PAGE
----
I had my son, Jude, on April 4, 2005. My spine was punctured during the epidural (which hurts like the devil) and that boy nursed like a vampire, so those first few days remain hazy. One vivid thread that runs through that time, however, are televised images from Rome as the Conclave selected Pope Benedict XVI to succeed Pope John Paul II.
Fast forward eight years to this week. On Monday morning I received a text message from my best friend that read, “Whoa. The pope is resigning.”
Two thoughts immediately ran through my mind.
Very, very few men could or would voluntarily give up power supposedly conferred by God himself. Indeed, this is the first abdication of the papacy in 600 years.
The first, “Oh, God, what did he do? What made him have to resign?”
This type of knee-jerk reaction is not unusual for Catholics, those in Boston particularly. In the wake of the clergy sex abuse scandal, we are still a crisis-weary bunch. News of a resignation has been all too often followed by embarrassing or disheartening revelations.
My next thought, “Jude turns eight in April. Didn’t they say Benedict would be an eight-year Pope? I wonder if he’s been planning this all along.”
When Benedict was elected, I subscribed to a widely-discussed belief that he was a caretaker Pope, one who would hold the position long enough to ensure a truly conservative College of Cardinals for the next 30 to 50 years — think of it as having the ability to appoint several Supreme Court Justices without Senate confirmation — and to ensure that the Church was ready for its first African or Latin American Pope. Those who believed as I did said that Benedict would serve seven or eight years. That part came true, as did the finalization of a stolidly conservative College of Cardinals. As for preparing the way for a Pope of color, I guess we’re about to find out.
I was concerned about the choice of Joseph Cardinal Ratzinger as the 265th Pope from the beginning. Prior to his election, he had been the Prefect of the Congregation for the Doctrine of the Faith. In 2000, a highly visible Jubilee Year, he presided over the release of a document called Dominus Iesus, that essentially failed to recognize other religions as true churches and reasserted Roman Catholicism as the one path to salvation. This was during the heart of globalization, and it drove interfaith dialogue away at a time when people needed to come together.
His deep teachings on love in his Papal Encyclical, Deus Caritas Est, and on charity in Caritas in Veritate notwithstanding, under Benedict, I often felt frustrated by the Vatican’s preference for focusing on sex, marriage and the role of women in the Church, rather than on poverty and social justice issues — areas where the Church was a spiritual front-runner for decades. Welcome to the great Western Catholic fissure of the 21st Century.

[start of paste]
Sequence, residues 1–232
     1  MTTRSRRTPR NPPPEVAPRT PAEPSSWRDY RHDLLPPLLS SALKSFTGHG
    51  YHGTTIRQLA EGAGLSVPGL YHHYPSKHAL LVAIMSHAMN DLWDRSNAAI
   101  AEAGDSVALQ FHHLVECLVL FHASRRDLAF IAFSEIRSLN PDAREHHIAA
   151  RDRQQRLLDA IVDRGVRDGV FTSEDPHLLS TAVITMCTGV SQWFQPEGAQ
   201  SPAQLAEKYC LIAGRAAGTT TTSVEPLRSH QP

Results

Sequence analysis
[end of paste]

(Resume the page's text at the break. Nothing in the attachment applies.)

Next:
Over the course of his tenure, my feelings about Pope Benedict didn’t change much.
Until, that is, last year when I saw him deliver a papal mass in Havana, Cuba. The Pope stood smack in the middle of Revolutionary Square with Raul Castro and his lackeys in the front row and condemned the Castro regime on the grounds of religious oppression and human rights. It was subtle, with quotes such as:
The right to freedom of religion, both in its private and in its public dimension, manifests the unity of the human person, who is at once a citizen and a believer… Strengthening religious freedom consolidates social bonds, nourishes the hope of a better world, creates favorable conditions for peace and harmonious development, while at the same time establishing solid foundations for securing the rights of future generations.
But the messages were there, and they were delivered in a place previously reserved for Fidel Castro himself to speak. Pope Benedict’s words were not condemnatory enough for many, but I found his willingness to “speak truth to power” refreshing.
I’ll never forget watching Raul Castro after the mass walk all the way back up the steps to the altar and wag his finger angrily at the Pope for what had to be a full minute. I didn’t hear what the Cuban leader said, but he wasn’t happy. I was proud of my Pope for at least condemning the regime enough to upset him. It was a moment of leadership, and a side of the Pope I had never seen.
Benedict’s resignation is another such moment. After reading his statement, I kept thinking of George Washington’s refusal to run for a third term, lest the presidency become too much like the monarchy it replaced. Very, very few men could or would voluntarily give up power supposedly conferred by God himself. Indeed, this is the first abdication of the papacy in 600 years.
Leadership is what the Catholic Church, and all of us, need today. And though in my eyes, it took him too many years to get there, Benedict’s recent actions — including his decision to step down — give me hope that we might see such leadership moments from his successor.
I am grateful for Pope Benedict’s decision, and hope that the 266th Successor of Saint Peter may yet surprise me and the next generation of Catholics, too.
Editor’s note: Tiziana Dearing served as the first woman president of Catholic Charities of the Archdiocese of Boston from 2007 to 2010.
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